Milton Keynes Museum has moved closer to realising its expansion dreams – with the formal handing over of keys to the new galleries to museum director Bill Griffiths.
And though the ancient and new Milton Keynes galleries won't open yet, members of the public will get a chance to preview them in 2018 when the museum uses them for hosting a series of temporary exhibitions.
Milton Keynes is an extraordinary new city, and one that has become home to a quarter of a million people from all over the UK and the world. From its flourishing green spaces to its massive economic success, Milton Keynes is a city where dreams are realised - but it is also a place with a rich, significant historical tapestry.
In the same year that Milton Keynes celebrated 50 years since designation, the museum has been working towards realising one of the visions in the city's original masterplan - to have a museum to collect, maintain and share the area's internationally significant heritage.
Plans for the ambitious £7.2m expansion were originally announced in early 2015, with the aim of telling the whole story of our local heritage, from pre-history right up to the present.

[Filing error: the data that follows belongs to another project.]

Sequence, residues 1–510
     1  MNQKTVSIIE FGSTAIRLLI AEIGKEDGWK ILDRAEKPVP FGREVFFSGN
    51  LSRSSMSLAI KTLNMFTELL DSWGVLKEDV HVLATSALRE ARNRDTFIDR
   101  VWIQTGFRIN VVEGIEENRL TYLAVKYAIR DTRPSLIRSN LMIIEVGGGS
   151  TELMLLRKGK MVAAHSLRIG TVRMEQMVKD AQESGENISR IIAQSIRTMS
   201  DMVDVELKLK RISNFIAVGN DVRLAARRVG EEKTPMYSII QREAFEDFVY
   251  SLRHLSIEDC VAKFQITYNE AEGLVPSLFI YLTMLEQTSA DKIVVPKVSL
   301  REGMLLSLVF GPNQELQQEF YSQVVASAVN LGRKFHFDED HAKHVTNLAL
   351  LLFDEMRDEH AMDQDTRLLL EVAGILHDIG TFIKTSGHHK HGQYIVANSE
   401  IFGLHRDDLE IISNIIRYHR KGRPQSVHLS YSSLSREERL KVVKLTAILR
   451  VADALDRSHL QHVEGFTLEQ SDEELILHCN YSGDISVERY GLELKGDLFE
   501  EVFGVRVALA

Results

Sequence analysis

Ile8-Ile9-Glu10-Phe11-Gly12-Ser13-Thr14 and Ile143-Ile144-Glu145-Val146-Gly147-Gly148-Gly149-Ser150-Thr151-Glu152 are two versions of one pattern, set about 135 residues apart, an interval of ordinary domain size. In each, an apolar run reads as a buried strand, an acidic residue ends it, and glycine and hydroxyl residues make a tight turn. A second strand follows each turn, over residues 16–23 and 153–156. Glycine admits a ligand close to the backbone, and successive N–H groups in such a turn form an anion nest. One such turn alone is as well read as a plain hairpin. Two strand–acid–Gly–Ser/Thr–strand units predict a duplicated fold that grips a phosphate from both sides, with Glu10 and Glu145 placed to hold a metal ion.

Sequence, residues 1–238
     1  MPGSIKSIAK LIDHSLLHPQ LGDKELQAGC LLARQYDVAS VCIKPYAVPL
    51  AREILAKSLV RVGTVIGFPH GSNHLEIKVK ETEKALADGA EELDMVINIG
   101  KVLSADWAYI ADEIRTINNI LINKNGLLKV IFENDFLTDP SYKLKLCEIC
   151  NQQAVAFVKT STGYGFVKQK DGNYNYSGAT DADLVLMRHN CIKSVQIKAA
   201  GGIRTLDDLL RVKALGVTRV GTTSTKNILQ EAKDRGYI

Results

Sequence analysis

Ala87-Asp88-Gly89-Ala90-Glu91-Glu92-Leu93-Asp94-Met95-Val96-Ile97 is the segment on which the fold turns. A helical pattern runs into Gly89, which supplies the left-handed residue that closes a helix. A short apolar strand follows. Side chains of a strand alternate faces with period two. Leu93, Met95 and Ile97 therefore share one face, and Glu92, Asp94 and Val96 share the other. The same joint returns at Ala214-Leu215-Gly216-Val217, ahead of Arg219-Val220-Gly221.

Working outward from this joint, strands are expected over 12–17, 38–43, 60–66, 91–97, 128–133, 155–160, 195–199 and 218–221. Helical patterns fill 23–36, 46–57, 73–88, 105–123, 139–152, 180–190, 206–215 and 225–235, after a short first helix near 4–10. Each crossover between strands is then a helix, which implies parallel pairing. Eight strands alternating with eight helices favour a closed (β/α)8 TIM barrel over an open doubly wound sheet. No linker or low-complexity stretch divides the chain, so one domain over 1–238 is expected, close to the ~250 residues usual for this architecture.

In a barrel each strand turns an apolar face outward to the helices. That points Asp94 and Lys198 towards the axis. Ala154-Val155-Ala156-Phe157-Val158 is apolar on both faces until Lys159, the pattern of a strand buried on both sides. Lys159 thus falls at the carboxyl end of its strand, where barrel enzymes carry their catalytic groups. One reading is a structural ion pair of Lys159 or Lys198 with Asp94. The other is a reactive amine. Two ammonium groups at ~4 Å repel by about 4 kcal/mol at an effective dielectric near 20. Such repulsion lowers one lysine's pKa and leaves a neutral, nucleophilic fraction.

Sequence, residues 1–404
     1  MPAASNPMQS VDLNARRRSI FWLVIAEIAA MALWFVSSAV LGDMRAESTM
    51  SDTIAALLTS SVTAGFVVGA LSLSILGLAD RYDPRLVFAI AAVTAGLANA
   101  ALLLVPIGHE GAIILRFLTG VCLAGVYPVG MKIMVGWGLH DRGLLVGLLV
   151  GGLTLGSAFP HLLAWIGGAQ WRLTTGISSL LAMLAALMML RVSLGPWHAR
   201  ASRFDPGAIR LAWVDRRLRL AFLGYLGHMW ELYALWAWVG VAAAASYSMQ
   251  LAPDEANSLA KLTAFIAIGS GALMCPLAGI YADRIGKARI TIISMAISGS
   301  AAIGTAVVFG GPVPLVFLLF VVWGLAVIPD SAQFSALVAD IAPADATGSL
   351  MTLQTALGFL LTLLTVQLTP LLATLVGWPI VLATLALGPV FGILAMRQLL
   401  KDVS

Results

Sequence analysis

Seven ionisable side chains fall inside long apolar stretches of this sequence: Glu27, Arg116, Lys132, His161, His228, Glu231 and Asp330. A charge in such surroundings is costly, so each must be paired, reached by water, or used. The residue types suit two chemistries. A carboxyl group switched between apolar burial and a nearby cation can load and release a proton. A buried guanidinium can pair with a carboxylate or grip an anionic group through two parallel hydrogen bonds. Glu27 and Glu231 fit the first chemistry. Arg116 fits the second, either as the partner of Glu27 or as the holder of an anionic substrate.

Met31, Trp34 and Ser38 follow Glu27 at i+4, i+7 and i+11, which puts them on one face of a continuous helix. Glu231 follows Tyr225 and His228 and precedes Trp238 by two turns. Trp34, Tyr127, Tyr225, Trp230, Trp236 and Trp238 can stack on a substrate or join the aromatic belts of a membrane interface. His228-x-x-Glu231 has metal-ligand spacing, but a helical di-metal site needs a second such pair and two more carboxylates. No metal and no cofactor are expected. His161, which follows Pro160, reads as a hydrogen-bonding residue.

The ancient gallery will bring back the area's rich archaeology – from pre-history to the 1800s; from the discovery of the UK’s largest Bronze Age roundhouse to the first marriage of King to commoner.
The modern gallery will celebrate our successes, lament our failures, and recognise the part we’ve all played in transforming a corner of Buckinghamshire countryside into the biggest and boldest experiment in building a new community. And one where a 'can do' attitude leads the way.
With the gallery buildings now complete, fundraising is continuing to enable the museum to fill the spectacular spaces with the elements and items that bring our past to life.
The museum is aiming to open its ancient gallery first, in spring 2019. In the meantime, among the exhibitions local people can look forward to seeing in the exciting new buildings – the Staffordshire Hoard - the largest hoard of Anglo-Saxon gold ever found, is already confirmed for the summer of 2018.
People can help the museum realise its remaining £1.5 million target by donating on the museum's JustGiving page www.localgiving.org/charity/milton-keynes-museum/ or in person at the museum.
Said Bill: “We’re so proud of what we’ve already achieved with the help of our lead partners at Milton Keynes Council who helped fund and plan the expansion, to our builders, Willmott Dixon, who went over and above at every stage, and to our amazing architect John Leonard at Nicholas Hare. “Also to the organisations who’ve already helped fund the expansion – Garfield Weston, the Englefield and Radcliffe Trust – many individuals who’ve contributed, plus all our volunteers who continue to make the museum what it is.”
“The new galleries will be something of which Milton Keynes can be truly proud – a permanent record and tribute to all who have and will come here.”